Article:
The answer beginning, "Suppose that A and B exchange with each other" is unreferenced and factually inaccurate. The story being told in that answer has been known to be false for 100 years.
Here is a constructive critic of Graeber affirming this:
As Graeber explains, however, pure barter as such never existed. The myth of barter is a
handy story for explaining the origins of money in terms that warrant market theories
of price and commodity exchange. But, historically and ethnographically, it does not hold water. None of this is news to anthropologists. It is, after all, the basis of Mauss’s analysis of The Gift.
Bill Maurer, “Debating Anthropology's Assumptions, Relevance and Future: David Graeber's Wunderkammer, Debt: The First 5,000 Years,” Anthropological Forum 23(1)
The book cited is The Gift by Marcel Mauss, a classic of anthropology published in 1925. Mauss' analysis of pre-monetary gifting is now widely used by historians in order to prevent the simplifications that the modern concepts of barter and currency can create. For example, I just read an excellent book, The City-State of Boston 1, which discusses to great effect how the early American gift material called wampum was neither money nor barter, and how its uses changed with the arrival of economically interested European settlers.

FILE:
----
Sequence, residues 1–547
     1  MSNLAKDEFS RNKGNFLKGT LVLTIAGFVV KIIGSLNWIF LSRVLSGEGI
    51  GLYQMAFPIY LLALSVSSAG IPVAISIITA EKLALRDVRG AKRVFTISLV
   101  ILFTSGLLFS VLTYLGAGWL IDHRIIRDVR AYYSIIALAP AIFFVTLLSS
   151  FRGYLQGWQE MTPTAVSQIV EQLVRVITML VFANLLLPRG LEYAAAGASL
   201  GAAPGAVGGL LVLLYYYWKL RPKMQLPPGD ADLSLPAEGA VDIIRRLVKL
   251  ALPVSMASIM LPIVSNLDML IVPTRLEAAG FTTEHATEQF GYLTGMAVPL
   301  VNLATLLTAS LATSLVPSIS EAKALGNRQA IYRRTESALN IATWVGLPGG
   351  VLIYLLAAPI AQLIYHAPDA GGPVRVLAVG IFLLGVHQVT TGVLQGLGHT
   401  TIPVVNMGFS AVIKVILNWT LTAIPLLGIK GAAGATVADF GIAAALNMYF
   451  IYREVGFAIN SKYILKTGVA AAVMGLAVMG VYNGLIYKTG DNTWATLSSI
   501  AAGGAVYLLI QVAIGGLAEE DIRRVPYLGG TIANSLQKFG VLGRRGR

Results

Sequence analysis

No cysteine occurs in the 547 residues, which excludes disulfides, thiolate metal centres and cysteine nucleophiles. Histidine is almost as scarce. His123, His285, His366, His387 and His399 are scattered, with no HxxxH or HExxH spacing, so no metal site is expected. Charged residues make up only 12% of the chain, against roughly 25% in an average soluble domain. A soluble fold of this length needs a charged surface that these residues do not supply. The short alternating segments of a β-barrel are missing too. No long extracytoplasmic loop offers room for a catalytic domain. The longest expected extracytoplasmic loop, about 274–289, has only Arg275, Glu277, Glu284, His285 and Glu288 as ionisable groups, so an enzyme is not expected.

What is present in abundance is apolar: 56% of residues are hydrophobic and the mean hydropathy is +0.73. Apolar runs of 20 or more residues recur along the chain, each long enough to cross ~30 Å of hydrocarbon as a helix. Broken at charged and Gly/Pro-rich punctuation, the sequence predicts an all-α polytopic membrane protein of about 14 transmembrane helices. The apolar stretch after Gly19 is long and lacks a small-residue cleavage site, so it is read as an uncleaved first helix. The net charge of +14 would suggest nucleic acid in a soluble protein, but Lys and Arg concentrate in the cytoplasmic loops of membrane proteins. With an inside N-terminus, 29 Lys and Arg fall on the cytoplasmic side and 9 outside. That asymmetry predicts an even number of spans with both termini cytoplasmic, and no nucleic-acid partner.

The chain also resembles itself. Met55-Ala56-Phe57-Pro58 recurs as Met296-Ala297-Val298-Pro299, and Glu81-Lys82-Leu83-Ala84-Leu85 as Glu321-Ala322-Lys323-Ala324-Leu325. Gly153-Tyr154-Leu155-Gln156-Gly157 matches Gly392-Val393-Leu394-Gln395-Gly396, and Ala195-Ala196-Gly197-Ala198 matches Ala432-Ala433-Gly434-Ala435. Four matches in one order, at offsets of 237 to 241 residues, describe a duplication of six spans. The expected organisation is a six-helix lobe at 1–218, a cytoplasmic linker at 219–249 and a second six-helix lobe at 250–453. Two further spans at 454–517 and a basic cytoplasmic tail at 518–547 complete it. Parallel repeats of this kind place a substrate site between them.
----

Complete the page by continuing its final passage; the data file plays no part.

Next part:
The critique of Graeber made in the article being quoted does not come from debunking the myth of barter, which is unquestioned among social scientists, but from the question of how the myth of barter arose.
and barter-commodity theories did, alternately and often cyclically, as Graeber
demonstrates in the second half of the book, rise to prominence, capturing the imagination of noble and patriarch, king and parliament, authors and activists alike. In so
doing, they conjured a world after their own image. The theories properly speaking
do not describe, they perform. But that performing
makes difficult the quest for origins with which Graeber begins his analysis: the
origins of the ethical imperative to repay a debt.
ibid., emphasis added
This goes beyond the scope of this question, but basically, Graeber is correct to reject the myth of barter which appears on the "Library of Economics and Liberty" and other such untrustworthy websites. The major concern with his book is his account in how the concept of personal debt and the myths of barter and state credit arose, which complicate the issue.
- The City-State of Boston: The Rise and Fall of an Atlantic Power, 1630–1865 by Mark Peterson – April 23, 2019 - Amazon Link